Cory mentioned this campaign when it first launched, but the team behind the charity-driven Humble Indie Bundle 2 -- which lets you pay what you like for five top-tier indie games -- have now added all six games from this year's previous Indie Bundle, if you donate more than the overall average amount.
That means that for at least around $7.60 (you choose how much goes to the developers or organizations like EFF and Child's Play), you get eleven games: World of Goo, Aquaria, Gish, Lugaru HD, Penumbra Overture and Samorost 2 from the first bundle, along with newcomers Braid, Cortex Command, Machinarium, Osmos, and the newly released and super-stylized Revenge of the Titans.
Further unlocks like this are also expected -- the Bundlers have also just announced that Titans will go open-source if donations reach $1.75 million in the 2 days remaining in the campaign.
Click here to contribute! (Humble Indie Bundle 2, illustration by the ever-amazing Nikklas Jansson via Amanita)
Humble Indie Bundle 2: pay what you like for 5 great indie games, support EFF and Child's Play!
Humble Indie Bundle hits $1m, goes open-source, gets 4 day extension
Humble Indie Bundle adds Samorost 2, teases source code release Read the rest
Andriasang has closeups of a line of wicked customizable Mario Ts (that chain-chomped heart!) meant solely for members of Japan's official Club Nintendo, and on the same day Tiny Cartridge spots a new ltd. ed. line of Super Nintendo shirts from King of Games/editmode, which have a far better chance of showing up in their English store. Read the rest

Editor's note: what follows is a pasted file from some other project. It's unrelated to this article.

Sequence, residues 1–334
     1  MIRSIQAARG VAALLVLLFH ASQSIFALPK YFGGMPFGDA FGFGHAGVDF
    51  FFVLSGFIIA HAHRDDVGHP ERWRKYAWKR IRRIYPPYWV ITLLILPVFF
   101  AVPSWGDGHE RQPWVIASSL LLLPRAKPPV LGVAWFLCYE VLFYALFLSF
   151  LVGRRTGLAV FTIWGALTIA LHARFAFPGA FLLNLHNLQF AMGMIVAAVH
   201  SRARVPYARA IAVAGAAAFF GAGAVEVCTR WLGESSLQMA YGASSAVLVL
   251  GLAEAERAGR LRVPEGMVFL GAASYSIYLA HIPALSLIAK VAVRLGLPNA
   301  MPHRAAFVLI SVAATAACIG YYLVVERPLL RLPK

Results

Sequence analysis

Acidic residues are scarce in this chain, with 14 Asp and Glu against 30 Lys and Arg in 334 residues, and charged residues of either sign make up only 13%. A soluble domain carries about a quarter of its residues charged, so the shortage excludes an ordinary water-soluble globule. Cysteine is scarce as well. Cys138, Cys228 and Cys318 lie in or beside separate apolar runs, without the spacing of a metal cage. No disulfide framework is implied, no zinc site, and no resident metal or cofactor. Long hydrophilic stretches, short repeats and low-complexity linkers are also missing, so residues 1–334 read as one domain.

It all started -- it should be noted -- with Steve Swink and Scott Anderson's Shadow Physics, revealed at the Game Developers Conference's Experimental Gameplay Sessions in 2009, and still in production at their upstart studio Enemy Airship (as yet offline, but already with this amazing logo designed by Phil Fish). After that came Lost in Shadow, Hudson's own upcoming fantasy/storybook platforming take on shadow-play.
And now, spotted very briefly at E3 in Sony's PlayStation Network reel, but now shining in a stronger light on their PlayStation.Blog, is echochrome ii, an upcoming downloadable that'll use the PlayStation Move motion controls as a flashlight to modify the game's cast shadows to solve yet more puzzle/platforming levels.
Sony's take does, to be fair, appear to be a logical next step from their original optical-illusion puzzler echochrome, but it is a curious case of Hundredth Monkey game design, and will be interesting to see how each makes its own mark as they all come to market. Read the rest
This week's 'Deal of the Week's on Xbox Live contain a few former Games To Get names, including charitable music puzzler Chime (above, truly one of the Xbox 360's top downloadables) and Introversion's Darwinia, alongside another top recommendation, the time-shifting action puzzler Misadventures of P. B. Winterbottom.